Mary Beth Tinker was only 13 years old when she chose to wear a black armband alongside her brother, John, their friend Chris Eckhardt and other students. The band was labeled with a peace sign to promote peace in Vietnam rather than war.
Tinker would later find herself as the face of one of the most well-renowned Supreme Court cases advocating for free speech in schools.
According to Tinker, the court case shook the country, as it is a landmark for students having a voice in school. The case is celebrating its 50th anniversary this year.
The Tinker ruling, officially known as Tinker v. Independent Community School District No. 21, 393 U.S. 503 (1969), is still cited in almost all student First Amendment cases. Furthermore, almost all American civics and history textbooks refer to the case.
More than 50 years later, Tinker remains an activist of free speech.
On May 30, Tinker traveled to Williamsville East High School to discuss the importance of the freedom of speech.
According to the Amherst Bee, “Due to a grant, Tinker was able to speak to junior and senior high school students at Williamsville East High School…The Williamsville Education Foundation Inc. awarded East Social Studies teacher Tim Redmond a grant to help pay for Tinker’s travel expenses.”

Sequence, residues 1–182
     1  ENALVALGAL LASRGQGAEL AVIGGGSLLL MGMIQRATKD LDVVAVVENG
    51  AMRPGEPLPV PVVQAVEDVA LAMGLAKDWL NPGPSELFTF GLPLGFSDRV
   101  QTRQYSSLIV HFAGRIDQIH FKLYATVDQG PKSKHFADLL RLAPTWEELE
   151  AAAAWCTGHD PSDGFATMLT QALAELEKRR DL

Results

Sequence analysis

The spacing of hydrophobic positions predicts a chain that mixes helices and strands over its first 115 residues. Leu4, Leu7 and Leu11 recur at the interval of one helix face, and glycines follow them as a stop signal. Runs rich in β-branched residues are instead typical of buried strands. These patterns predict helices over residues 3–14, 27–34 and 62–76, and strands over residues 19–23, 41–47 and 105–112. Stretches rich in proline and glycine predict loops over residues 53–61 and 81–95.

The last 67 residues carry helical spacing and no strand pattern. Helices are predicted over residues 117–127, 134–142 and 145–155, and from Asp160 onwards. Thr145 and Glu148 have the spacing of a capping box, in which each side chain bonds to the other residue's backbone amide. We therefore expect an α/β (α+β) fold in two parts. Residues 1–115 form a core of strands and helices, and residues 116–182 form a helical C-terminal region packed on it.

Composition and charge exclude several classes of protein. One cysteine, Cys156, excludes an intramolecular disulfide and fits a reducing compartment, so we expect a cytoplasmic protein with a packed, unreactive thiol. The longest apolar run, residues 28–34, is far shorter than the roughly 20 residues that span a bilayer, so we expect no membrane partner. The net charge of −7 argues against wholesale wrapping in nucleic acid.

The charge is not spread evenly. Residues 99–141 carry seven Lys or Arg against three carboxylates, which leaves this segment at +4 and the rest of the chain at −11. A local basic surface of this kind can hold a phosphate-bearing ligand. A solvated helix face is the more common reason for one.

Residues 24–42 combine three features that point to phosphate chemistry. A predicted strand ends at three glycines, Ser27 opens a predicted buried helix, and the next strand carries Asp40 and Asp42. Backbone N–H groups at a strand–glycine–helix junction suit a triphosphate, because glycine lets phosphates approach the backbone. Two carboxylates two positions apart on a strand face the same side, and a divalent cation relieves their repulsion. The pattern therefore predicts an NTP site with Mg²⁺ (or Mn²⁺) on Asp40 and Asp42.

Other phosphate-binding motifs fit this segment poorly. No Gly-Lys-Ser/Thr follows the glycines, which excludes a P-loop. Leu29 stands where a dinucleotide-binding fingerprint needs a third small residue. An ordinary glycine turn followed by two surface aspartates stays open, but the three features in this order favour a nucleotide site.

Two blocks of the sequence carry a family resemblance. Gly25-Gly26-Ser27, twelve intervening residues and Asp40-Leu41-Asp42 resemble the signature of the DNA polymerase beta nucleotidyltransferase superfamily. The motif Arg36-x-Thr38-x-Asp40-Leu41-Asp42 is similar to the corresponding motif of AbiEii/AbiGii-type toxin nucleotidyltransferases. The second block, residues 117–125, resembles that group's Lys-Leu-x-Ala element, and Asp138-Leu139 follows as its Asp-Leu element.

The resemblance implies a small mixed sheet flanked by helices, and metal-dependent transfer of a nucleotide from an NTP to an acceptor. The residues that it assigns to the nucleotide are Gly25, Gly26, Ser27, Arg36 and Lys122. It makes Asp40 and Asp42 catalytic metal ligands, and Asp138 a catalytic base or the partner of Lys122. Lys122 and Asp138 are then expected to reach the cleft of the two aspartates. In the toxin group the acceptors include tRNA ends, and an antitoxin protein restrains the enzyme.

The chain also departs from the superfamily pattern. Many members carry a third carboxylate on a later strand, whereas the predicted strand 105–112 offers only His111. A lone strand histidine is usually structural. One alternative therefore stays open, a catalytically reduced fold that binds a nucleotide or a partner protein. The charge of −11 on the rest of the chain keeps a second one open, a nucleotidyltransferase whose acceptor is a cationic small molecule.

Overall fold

Tinker spoke a powerful message while on stage at the high school:
“You don’t have to be the strongest, most courageous person in the history of the world. You can be you. You can be a scared 13-year-old, you can just be nervous as anything and you can still do something… You can still think of something to do to speak up.”
Tinker spoke to East Side News and brought out the facts in her speech. Tinker highlights the fact that only about 25% of United States high schools uphold the Freedom of the Press, granted by the First Amendment.
Williamsville East High School was fortunate enough to uphold the freedom of the press.
Tinker also discussed the importance of students educating their teachers on difference of political ideologies.
“Sometimes students have something to teach their teachers”
Occasionally, she shares pictures of students that have been silenced on school campuses and shares their stories.
Concluding her time with the students, she urges them to continue to fight regardless of the consequences and to make small steps toward creating a more diverse and open discussion.